How a rare disease changed the lives of a local Illinois family

Local News

MARSHALL, Ill. (WTWO/WAWV) — April is Adrenal Insufficiency Awareness month. For one local family, the last seven months have been anything but easy after the unexpected loss of their 21-year-old son to Addison’s Disease.

Drew Keown is remembered by friends and family as a lover of music, having a genuine smile and being one of the nicest guys to meet.

“He was just always so kind. He didn’t even have to think about it — he just was,” Kevin Keown, Drew’s father, recalled.

Kevin and his wife Stephanie have had days filled with grief, frustrations and questions after their son Drew Keown died unexpectedly. It’s a disease they never knew he had.

“He was a healthy kid, he was never sick, hardly had to go to the doctor for anything. It wasn’t genetic, it was just something that was in him,” Stephanie Keown said.

According to Dr. Denise Pine-Mattas with Cork Medical Center, one in 100,000 people contract Addison’s Disease.

“Addison’s Disease is Adrenal Insufficiency, which means the adrenal glands are not producing the hormones they should,” Pine-Mattas said.

Even though diagnosis typically occurs at a young age, it’s not uncommon to develop this disease later in life and for different reasons.

Some symptoms include low blood pressure, fatigue, lightheadedness and vomiting.

“We have to understand there are a lot of things that cause the same types of symptoms so it can be a very long process to be diagnosed with a rare disease,” Pine-Mattas said.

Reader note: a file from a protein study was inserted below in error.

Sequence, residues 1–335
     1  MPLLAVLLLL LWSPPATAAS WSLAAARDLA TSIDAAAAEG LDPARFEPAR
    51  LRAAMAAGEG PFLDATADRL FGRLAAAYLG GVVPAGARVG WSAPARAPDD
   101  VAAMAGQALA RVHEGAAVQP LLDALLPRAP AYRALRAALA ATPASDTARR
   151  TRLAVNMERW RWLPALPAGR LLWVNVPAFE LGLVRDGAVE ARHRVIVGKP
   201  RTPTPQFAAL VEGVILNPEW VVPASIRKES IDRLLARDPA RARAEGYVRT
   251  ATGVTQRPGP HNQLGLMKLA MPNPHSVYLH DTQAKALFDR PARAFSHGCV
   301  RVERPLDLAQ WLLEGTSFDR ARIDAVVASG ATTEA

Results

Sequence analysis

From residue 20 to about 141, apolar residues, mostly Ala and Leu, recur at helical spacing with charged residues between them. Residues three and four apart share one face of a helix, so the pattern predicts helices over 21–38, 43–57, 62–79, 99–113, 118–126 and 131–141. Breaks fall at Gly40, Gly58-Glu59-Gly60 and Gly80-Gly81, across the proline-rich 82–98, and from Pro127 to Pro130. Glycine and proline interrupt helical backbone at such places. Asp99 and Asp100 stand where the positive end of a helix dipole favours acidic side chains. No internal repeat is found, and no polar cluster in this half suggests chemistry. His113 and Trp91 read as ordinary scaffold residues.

Drew had been to the doctor as recent as July, but after his check up the Keown’s say nothing abnormal returned in his results.

Drews family says the only visible symptoms due to Addison’s Disease appeared a few days before his death.

“It was the final crisis. He was fainting, he had fainting spells. He called us up and said he had been fainting. We got an appointment for him, but he didn’t make it,” Kevin Keown tearfully remembered.

Drew had gone into Adrenal Crisis and died in his home surrounded by his loved ones.

Drew was 21.

Among the things that give Drew’s family members comfort is that their son had made it home.

“For me the comfort is he didn’t do it to himself and he had no idea. He had no idea why he wasn’t feeling well that weekend,” Kevin Keown said. “It was peaceful, he slept through the night and he passed away surrounded by people who tried to help him and that loved him,” Stephanie Keown added.

Medical professionals have told the Keown’s that they have no idea how Drew made it home before his passing.

The Keown’s now hope to create awareness about Addison’s Disease and testing options available.

“We want to keep his memory alive and at the same time if we’re helping someone else out that’s great. It’s not going to bring him back, but hopefully you’re not having to do an interview like this with someone else about the same thing. That’s ultimately what we want to come out of this,” Kevin Keown said.

In Drew’s honor, the Marshall Schools Foundation created the Drew Keown Music Legacy Fund. All money collected will go towards scholarships for Marshall High School seniors wanting to play or study music in college and gifts for the Marshall Music Program.

Donations, checks payable should be made to The Marshall Schools Foundation, subject: The Drew Keown Legacy Fund.

Address: 503 Pine Street, Marshall, IL 62441.

Members for the Marshall School District created Marching4Drew, an organization that encourages everyone to do random acts of kindness for one another.

Below are resources regarding Adrenal Insufficiency:

National Institute of Diabetes and Digestive and Kidney Diseases.

National Adrenal Disease Foundation

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